DHA Omega 3
The best source of DHA omega 3 is fish oil. Fish oil is an important dietary supplement. The human body does not produce omega 3 fatty acids, so they must be obtained from the diet.
Most people do not consume enough fish to meet the body’s omega 3 requirements. Plant sources of omega 3s are called ALA and must be converted to DHA. This conversion is not always efficient; thus, fish oil, because of its naturally high DHA omega 3 content, is recommended by natural health experts as the best possible choice to obtain important DHA and EPA omega 3 fatty acids.
The brain probably has the largest omega 3 requirements for optimum performance. About one third of the brain’s mass is DHA omega 3. The concentration of DHA in the brain is higher than in other organ of the body. Low levels of DHA omega 3 has been linked to neurological conditions like depression and attention deficit disorder. High quality purified pharmaceutical grade fish oil supplements meet the brains omega 3 requirements.
DHA helps nourish the brain, allowing it to rebuild and maintain its health.
Another organ that is benefited by fish oil supplementation is the heart. Doctors and scientists believe that EPA and DHA omega 3 fatty acids, both of which are found in fish oil, may reduce the risk of coronary heart disease. There is much clinical research supporting this belief.
Daily supplements of EPA and DHA omega 3 may ensure normal heart and blood flow. These fatty acids also help to reduce the build up of the bad fatty acids (omega 6) on the walls of the arteries. Too much of this build up blocks the flow of blood to the brain and heart and may lead to stroke and heart attack.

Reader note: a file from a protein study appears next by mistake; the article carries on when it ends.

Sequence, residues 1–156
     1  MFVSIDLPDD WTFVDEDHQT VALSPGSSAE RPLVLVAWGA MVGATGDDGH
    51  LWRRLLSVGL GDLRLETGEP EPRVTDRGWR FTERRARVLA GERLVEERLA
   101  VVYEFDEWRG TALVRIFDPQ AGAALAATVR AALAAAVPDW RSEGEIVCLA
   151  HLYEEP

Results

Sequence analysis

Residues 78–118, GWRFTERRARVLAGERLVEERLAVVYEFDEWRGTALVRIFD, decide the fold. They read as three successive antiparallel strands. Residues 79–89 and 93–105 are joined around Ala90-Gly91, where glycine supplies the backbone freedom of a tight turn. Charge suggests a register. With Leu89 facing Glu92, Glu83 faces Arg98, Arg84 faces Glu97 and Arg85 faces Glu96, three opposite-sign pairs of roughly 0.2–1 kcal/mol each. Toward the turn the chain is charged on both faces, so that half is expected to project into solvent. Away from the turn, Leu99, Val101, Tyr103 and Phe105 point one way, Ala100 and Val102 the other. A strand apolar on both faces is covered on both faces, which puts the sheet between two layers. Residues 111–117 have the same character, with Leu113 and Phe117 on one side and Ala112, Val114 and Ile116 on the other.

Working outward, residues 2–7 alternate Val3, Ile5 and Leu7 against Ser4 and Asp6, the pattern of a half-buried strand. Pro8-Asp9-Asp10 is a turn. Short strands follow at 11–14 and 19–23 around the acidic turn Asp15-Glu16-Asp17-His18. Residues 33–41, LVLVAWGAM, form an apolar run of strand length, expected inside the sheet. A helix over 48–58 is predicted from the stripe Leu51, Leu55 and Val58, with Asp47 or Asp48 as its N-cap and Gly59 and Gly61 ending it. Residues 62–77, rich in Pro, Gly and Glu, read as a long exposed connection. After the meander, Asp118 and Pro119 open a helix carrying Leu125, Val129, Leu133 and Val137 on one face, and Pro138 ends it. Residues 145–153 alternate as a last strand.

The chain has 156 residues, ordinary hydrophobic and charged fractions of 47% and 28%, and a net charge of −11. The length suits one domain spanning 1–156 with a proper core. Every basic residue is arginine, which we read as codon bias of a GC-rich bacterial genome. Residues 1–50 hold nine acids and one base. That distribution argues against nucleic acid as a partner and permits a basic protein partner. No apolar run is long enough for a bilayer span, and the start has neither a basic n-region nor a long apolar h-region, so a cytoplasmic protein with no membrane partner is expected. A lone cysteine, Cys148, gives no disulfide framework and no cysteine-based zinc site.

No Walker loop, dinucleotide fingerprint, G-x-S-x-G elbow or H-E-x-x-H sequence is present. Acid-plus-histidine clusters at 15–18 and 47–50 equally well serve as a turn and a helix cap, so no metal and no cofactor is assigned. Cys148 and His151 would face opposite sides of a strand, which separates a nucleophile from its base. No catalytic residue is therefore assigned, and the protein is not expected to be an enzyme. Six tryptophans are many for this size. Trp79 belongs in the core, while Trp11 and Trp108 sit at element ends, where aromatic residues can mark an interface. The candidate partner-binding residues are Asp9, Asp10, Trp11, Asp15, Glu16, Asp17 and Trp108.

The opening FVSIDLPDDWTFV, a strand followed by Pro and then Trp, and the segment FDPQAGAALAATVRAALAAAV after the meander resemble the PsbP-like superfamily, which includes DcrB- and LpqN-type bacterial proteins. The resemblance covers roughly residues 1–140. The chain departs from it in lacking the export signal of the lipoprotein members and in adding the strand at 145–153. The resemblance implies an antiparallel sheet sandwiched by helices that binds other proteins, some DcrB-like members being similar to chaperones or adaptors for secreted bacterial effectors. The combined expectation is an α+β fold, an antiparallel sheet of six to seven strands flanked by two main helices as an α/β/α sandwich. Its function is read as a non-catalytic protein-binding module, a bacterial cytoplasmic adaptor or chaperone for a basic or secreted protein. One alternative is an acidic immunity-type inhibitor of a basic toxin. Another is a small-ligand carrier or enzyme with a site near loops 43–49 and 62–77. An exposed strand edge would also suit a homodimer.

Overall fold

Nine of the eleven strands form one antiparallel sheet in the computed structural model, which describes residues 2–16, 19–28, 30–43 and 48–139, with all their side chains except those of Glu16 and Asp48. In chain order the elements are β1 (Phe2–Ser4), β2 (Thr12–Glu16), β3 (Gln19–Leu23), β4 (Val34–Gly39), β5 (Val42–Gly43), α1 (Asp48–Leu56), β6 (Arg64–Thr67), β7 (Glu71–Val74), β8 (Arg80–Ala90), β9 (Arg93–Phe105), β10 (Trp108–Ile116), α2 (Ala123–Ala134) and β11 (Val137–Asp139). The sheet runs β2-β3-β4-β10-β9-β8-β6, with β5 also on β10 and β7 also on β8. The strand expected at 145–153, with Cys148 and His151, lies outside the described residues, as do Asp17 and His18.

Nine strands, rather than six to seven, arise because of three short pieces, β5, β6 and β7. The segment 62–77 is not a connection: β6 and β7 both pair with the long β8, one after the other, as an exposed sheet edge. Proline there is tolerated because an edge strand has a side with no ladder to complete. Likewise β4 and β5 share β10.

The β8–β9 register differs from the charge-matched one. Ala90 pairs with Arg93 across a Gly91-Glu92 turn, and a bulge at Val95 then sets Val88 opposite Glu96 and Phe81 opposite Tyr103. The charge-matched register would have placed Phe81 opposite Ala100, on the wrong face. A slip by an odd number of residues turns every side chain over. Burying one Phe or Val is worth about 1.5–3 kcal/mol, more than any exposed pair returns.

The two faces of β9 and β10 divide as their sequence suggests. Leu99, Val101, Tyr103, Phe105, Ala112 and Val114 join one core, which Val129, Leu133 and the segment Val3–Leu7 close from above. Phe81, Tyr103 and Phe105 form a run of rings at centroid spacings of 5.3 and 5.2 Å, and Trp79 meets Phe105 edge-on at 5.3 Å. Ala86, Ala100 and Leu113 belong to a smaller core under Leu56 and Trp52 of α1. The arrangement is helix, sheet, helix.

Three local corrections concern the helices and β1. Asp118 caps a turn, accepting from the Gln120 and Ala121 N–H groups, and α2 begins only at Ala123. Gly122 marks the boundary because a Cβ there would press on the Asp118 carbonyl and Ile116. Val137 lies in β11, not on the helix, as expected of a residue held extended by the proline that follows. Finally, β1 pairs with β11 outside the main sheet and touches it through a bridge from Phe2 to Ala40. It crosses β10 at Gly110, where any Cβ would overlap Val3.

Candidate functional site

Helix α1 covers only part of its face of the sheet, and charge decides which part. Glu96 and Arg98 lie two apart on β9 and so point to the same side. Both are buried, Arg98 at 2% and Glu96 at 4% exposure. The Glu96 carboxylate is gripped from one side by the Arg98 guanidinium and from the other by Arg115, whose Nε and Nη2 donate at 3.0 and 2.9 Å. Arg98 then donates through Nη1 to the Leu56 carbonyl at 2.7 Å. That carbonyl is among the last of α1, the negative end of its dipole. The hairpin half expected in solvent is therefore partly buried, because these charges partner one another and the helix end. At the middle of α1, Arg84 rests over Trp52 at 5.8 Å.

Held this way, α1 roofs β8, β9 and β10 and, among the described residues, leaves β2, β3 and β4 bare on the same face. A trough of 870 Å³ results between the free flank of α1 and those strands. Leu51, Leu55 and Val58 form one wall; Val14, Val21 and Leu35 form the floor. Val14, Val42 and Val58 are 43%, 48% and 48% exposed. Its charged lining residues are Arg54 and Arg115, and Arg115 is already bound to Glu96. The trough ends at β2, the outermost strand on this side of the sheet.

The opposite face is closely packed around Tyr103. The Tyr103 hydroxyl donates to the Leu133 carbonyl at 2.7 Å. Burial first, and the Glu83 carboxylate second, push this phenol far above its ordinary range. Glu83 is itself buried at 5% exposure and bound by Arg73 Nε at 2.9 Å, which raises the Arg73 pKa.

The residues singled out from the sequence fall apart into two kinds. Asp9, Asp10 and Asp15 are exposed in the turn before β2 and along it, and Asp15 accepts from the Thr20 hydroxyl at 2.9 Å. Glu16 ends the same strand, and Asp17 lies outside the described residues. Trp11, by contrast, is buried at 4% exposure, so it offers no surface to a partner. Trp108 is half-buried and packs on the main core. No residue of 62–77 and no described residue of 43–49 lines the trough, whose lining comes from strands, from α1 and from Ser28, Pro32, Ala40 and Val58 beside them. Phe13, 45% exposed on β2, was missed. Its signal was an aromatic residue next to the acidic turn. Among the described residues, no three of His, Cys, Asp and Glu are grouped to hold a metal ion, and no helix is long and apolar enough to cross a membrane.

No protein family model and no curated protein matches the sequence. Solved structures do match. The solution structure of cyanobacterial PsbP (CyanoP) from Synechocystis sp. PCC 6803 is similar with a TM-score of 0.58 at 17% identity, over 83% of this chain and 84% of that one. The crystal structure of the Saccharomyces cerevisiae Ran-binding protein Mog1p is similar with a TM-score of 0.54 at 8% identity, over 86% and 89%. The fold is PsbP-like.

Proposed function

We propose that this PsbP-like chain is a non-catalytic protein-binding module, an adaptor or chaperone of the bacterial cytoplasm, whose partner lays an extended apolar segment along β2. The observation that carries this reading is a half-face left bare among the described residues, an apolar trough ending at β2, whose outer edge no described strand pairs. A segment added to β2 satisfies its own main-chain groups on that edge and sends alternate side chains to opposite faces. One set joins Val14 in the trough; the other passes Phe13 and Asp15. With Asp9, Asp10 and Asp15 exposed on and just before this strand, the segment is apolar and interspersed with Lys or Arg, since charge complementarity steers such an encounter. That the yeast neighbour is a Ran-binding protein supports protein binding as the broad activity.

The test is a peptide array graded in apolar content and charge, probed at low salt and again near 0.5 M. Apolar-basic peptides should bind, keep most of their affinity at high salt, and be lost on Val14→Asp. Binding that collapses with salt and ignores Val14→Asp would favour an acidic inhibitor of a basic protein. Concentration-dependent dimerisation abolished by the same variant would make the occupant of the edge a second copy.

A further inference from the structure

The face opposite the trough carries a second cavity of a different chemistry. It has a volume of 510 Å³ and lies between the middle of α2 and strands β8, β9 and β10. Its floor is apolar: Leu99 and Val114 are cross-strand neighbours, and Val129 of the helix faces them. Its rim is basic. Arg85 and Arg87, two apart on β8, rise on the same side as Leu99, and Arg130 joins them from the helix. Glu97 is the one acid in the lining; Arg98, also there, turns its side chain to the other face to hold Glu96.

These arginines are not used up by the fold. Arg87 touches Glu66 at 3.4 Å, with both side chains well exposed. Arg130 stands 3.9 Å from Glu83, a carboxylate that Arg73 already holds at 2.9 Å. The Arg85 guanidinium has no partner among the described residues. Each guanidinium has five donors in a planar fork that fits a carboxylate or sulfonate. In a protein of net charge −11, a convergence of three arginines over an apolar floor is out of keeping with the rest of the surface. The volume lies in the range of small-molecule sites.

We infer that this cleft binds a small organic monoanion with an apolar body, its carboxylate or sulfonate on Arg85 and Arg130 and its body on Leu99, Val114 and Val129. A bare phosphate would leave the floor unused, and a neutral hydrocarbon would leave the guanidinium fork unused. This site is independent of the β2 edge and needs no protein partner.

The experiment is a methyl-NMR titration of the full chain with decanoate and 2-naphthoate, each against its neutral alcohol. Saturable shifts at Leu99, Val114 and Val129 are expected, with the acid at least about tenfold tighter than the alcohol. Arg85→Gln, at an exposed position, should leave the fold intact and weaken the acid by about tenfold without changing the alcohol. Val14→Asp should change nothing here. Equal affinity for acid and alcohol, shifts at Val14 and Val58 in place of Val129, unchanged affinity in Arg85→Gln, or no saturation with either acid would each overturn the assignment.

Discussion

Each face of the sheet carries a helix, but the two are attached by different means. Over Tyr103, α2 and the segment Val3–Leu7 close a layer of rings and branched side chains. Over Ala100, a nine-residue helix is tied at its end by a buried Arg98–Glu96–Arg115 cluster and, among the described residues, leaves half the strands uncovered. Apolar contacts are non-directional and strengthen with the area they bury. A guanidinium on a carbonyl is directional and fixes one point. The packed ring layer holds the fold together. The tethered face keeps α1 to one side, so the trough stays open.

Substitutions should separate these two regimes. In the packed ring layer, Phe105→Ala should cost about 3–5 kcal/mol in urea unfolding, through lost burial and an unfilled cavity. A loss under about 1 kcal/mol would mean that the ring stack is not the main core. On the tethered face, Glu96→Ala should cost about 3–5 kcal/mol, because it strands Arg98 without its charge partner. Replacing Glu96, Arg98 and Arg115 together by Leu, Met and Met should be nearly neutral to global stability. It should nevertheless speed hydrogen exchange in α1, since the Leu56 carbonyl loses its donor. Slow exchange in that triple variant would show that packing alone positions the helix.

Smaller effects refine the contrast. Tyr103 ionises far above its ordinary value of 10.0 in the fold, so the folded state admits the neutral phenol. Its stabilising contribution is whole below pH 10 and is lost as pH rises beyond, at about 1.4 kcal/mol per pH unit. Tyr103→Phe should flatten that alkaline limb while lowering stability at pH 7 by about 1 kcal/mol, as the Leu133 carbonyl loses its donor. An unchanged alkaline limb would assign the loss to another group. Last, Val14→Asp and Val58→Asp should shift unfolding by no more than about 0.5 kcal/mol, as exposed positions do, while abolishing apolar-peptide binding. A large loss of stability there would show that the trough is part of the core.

Exact omega 3 requirements are unknown, but the Food and Drug Administration, which usually has very little to say about health supplements other than basic vitamins and minerals, recognizes a reduced risk of heart disease as a “qualified” health claim and recommends omega 3 fatty acid intake.
Some doctors maintain that DHA omega 3 requirements are much higher and recommend dosages as high as 4-5 grams per day, although to us this seems excessive.
Lower dosages are recommended for children.
If the fish oil is purified or pharmaceutical grade, there should be no side effects related to the higher dosage other than a fishy aftertaste and diarrhea in a few people. The fishy aftertaste can be avoided by taking the supplement with food or juice. Anyone experiencing diarrhea should reduce the dosage.
One concern with high dose fish oils to be cautious of is its ability to act as a blood thinner. In itself this is not a bad thing per se, and can actually be beneficial. But if you are already on other blood thinners (like aspirin) the combination of too many blood thinners can lead to negative consequences. So talk to your doctor before using fish oils if you are already using blood thinners.
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